Live Server Setup
The live sites run on a single Drupal install on a dedicated Apache server, while the live databases run on a separate system that does nothing but run databases (and has MySQL in dedicated mode for best performance). I would always recommend separating these functions out on medium loads upwards, so that Apache does not slow MySQL and MySQL does not slow Apache.

I have not seen any viable clustering solutions for hosting Drupal sites, but luckily I am in a position where all the sites can be run from one web server and one database server. Even so, I would be interested to hear about any successful clusters out there.

Amending the Live Site
Unfortunately, making amendments to the live site is probably the biggest hurdle left in this particular production environment. If there is a rogue CSS class, that's fine. The change is made on a production team member's local system, and tested. The change is committed, then the development and testing server is updated, so that it receives this change too. The change is tested there. Assuming it is ready to be made live, the live server is updated and everyone is happy.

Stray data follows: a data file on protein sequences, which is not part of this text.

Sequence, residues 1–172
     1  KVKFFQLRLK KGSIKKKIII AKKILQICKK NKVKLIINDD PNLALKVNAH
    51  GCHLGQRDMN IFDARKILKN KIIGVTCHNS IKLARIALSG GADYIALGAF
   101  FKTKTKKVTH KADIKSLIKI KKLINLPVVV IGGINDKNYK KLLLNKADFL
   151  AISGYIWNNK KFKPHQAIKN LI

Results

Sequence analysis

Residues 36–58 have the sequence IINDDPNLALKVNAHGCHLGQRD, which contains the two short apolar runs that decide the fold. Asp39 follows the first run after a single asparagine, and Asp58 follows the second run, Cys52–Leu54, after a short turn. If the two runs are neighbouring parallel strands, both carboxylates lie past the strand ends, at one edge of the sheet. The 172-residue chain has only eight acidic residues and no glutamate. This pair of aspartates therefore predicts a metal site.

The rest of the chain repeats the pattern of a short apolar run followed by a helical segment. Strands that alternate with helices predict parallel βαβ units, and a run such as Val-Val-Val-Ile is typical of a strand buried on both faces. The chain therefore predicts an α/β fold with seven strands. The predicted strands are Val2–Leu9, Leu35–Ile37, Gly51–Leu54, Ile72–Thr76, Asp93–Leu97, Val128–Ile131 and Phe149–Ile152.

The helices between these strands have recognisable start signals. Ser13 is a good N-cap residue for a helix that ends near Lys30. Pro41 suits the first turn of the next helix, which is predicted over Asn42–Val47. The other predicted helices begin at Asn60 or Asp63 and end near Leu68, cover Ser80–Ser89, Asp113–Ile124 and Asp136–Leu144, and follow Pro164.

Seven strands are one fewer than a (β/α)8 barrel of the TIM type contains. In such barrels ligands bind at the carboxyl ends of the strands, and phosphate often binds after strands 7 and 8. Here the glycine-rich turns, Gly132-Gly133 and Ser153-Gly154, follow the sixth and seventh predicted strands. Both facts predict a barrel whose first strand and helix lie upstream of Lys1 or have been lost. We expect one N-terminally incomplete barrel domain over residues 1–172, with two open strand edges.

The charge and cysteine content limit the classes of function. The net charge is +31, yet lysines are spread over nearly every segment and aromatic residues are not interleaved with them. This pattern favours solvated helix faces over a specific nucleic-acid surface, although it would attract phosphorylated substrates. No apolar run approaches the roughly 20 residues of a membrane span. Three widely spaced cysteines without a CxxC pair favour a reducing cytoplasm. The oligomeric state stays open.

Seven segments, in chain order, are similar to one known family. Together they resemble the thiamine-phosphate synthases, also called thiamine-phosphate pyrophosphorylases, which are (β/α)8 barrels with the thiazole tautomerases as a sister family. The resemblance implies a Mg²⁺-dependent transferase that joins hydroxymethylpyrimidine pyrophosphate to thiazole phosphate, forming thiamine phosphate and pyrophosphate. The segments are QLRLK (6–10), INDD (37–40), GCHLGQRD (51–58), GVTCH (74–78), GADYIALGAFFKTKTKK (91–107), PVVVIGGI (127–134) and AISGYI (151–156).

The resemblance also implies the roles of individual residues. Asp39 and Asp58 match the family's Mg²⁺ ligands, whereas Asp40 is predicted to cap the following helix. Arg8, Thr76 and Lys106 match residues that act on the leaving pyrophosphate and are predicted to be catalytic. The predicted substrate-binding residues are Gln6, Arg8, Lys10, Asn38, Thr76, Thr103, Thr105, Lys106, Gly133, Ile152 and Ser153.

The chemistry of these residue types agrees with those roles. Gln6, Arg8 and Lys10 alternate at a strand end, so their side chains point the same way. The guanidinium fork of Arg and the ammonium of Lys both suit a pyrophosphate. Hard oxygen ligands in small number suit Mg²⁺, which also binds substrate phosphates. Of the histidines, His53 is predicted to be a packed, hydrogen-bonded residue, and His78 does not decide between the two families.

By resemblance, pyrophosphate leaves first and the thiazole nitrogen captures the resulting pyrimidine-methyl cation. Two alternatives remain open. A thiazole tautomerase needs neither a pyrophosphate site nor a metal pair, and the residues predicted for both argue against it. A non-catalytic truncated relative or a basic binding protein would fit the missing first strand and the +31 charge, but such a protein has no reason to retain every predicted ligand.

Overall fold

The real problem comes when, for example, a new node needs to be added. Suppose that the client has asked for a new webform. First, the live database is copied down to the development and testing server. A member of the production team produces the webform on her local system. This shares the database with the development and testing server, so unless template or CSS changes are required, the job is done and it can be tested.